The trick with minimalism, in general, is knowing what’s actually important—the essence of the message or design. This is a big part of my design process. Asking, “How can I fold these requirements into fewer features and UI?” instead of directly implementing a feature for every requirement.
The fundmental principle of minimalist game design: sets of simple rules interacting can create complex but parsable situations that are fun and rewarding to untangle, understand, and later manipulate. I believe this is the essence of good gaming and games that harness this will succeed and continue to be rewarding experiences for their players after repeated playthroughs.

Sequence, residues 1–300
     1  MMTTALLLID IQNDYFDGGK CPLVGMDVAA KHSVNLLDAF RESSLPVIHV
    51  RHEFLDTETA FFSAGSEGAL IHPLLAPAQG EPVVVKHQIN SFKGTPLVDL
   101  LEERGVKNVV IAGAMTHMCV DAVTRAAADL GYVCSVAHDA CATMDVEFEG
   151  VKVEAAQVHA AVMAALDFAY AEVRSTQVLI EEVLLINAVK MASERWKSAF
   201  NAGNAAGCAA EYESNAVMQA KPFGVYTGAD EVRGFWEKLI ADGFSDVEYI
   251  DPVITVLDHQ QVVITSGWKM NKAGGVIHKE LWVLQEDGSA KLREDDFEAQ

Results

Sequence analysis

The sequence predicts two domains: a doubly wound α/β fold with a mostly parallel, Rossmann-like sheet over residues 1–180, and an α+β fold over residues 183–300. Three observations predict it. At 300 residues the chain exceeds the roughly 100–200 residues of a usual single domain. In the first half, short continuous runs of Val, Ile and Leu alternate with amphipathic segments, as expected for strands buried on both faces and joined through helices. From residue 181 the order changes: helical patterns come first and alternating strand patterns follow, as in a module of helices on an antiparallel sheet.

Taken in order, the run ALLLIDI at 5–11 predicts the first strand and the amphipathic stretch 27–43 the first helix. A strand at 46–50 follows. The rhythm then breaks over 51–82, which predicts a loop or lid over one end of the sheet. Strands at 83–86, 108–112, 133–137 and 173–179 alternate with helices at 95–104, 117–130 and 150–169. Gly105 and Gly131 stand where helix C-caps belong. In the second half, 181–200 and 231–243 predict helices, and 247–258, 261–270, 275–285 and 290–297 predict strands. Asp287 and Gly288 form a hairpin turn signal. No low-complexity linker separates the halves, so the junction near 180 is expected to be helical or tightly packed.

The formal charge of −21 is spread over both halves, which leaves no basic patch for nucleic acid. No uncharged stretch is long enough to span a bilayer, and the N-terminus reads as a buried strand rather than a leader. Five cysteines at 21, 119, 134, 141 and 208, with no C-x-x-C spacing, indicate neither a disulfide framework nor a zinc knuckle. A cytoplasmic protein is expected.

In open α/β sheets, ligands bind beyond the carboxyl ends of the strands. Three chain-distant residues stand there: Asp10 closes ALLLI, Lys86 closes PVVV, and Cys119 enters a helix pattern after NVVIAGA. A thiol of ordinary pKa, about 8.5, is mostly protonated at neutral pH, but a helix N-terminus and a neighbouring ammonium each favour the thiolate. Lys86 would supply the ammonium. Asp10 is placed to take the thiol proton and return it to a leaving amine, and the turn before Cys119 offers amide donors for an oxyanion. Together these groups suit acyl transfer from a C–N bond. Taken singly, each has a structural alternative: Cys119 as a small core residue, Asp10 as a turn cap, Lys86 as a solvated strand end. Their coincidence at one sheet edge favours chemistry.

But you can’t just throw any set of simple rules together an call it a game.
The risk with minimalist software is that a simple design choice can drastically change the direction of the abstraction and make or break whether the software fits your needs.
Like any other design principle, if you aren't careful and thoughtful, you can still produce crap. The rewards to the designer and the player are tremendous though.
“Luckily, minimalism buys you a sort of abstraction that can enable projection. By this I mean that users can project their actual process and workflow onto the software.”
This means that the player can grasp the fundamental concepts that you’ve designed and recombine them dynamically ad intuitively in an attempt to achieve a goal that the system doesn’t explicitly grant the player. This kind of emergent behavior can be difficult to control, but if harnessed may be the next source of great games in the MMO industry.